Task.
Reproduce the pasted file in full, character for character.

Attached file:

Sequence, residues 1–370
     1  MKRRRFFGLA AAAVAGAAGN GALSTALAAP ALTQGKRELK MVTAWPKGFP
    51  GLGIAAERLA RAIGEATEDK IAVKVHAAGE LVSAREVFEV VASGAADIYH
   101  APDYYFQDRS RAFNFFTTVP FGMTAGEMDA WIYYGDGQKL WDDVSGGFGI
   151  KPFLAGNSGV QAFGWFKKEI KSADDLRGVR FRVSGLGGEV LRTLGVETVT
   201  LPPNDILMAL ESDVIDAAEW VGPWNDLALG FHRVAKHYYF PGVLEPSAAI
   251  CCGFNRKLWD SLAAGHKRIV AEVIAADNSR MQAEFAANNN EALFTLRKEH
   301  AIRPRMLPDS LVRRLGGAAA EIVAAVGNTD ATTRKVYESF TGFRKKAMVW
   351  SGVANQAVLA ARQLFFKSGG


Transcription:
Sequence, residues 1–370
     1  MKRRRFFGLA AAAVAGAAGN GALSTALAAP ALTQGKRELK MVTAWPKGFP
    51  GLGIAAERLA RAIGEATEDK IAVKVHAAGE LVSAREVFEV VASGAADIYH
   101  APDYYFQDRS RAFNFFTTVP FGMTAGEMDA WIYYGDGQKL WDDVSGGFGI
   151  KPFLAGNSGV QAFGWFKKEI KSADDLRGVR FRVSGLGGEV LRTLGVETVT
   201  LPPNDILMAL ESDVIDAAEW VGPWNDLALG FHRVAKHYYF PGVLEPSAAI
   251  CCGFNRKLWD SLAAGHKRIV AEVIAADNSR MQAEFAANNN EALFTLRKEH
   301  AIRPRMLPDS LVRRLGGAAA EIVAAVGNTD ATTRKVYESF TGFRKKAMVW
   351  SGVANQAVLA ARQLFFKSGG